Co-author Stuart Batterman, a University of Michigan professor of environmental health sciences, agreed: "These levels, found over a broad area, are clearly associated with industrial emissions. They also are evidence of major regulatory gaps in monitoring and controlling such emissions and in public health surveillance."

               The researchers captured emissions in the rural Fort Saskatchewan area downwind of major refineries, chemical manufacturers and tar sands processors owned by BP, Dow, Shell and other companies in the so-called "Industrial Heartland" of Alberta, Canada. They took one-minute samples at random times in 2008, 2010 and 2012. All showed similar results. Amounts of some dangerous volatile organic compounds were 6,000 times higher than normal.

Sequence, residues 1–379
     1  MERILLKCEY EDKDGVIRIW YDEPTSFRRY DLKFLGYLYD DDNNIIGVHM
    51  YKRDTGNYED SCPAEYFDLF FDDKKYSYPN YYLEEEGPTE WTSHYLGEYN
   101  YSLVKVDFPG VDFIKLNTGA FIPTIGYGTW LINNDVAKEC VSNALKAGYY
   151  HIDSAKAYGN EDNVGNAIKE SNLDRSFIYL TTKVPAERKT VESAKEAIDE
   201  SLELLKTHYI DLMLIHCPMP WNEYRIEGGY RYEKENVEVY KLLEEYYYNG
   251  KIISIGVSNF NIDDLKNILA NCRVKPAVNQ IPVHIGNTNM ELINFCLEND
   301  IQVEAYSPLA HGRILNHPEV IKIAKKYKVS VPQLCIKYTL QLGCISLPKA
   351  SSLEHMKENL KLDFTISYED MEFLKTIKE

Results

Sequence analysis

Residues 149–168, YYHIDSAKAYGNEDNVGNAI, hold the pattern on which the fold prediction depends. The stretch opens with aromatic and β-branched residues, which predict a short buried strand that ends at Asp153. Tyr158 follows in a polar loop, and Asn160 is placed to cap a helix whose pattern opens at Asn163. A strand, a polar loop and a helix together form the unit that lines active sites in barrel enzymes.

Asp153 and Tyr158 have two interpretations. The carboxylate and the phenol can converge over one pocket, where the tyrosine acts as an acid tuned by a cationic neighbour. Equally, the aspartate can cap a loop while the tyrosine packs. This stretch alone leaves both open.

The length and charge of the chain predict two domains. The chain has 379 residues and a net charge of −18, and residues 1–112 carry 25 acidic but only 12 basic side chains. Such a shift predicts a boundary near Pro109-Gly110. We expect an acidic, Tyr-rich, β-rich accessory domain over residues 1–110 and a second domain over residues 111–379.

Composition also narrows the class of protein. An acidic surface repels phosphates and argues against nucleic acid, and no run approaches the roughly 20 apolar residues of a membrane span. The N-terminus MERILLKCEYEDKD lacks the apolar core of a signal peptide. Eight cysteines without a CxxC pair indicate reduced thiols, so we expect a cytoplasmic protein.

The team compared the Alberta plumes to heavily polluted megacities. To their surprise, the scientists saw that levels of some chemicals were higher than in Mexico City during the 1990s or in the still polluted Houston-Galveston area.

               "For any community downwind of heavy industrial activity, I would say it's certainly prudent to conduct surveys of both air quality – especially carcinogens – and human health," Simpson said.

               "For decades, we've known that exposure to outdoor air pollutants can cause respiratory and cardiovascular disease," Batterman said. "The World Health Organization has now also formally recognized that outdoor air pollution is a leading environmental cause of cancer deaths."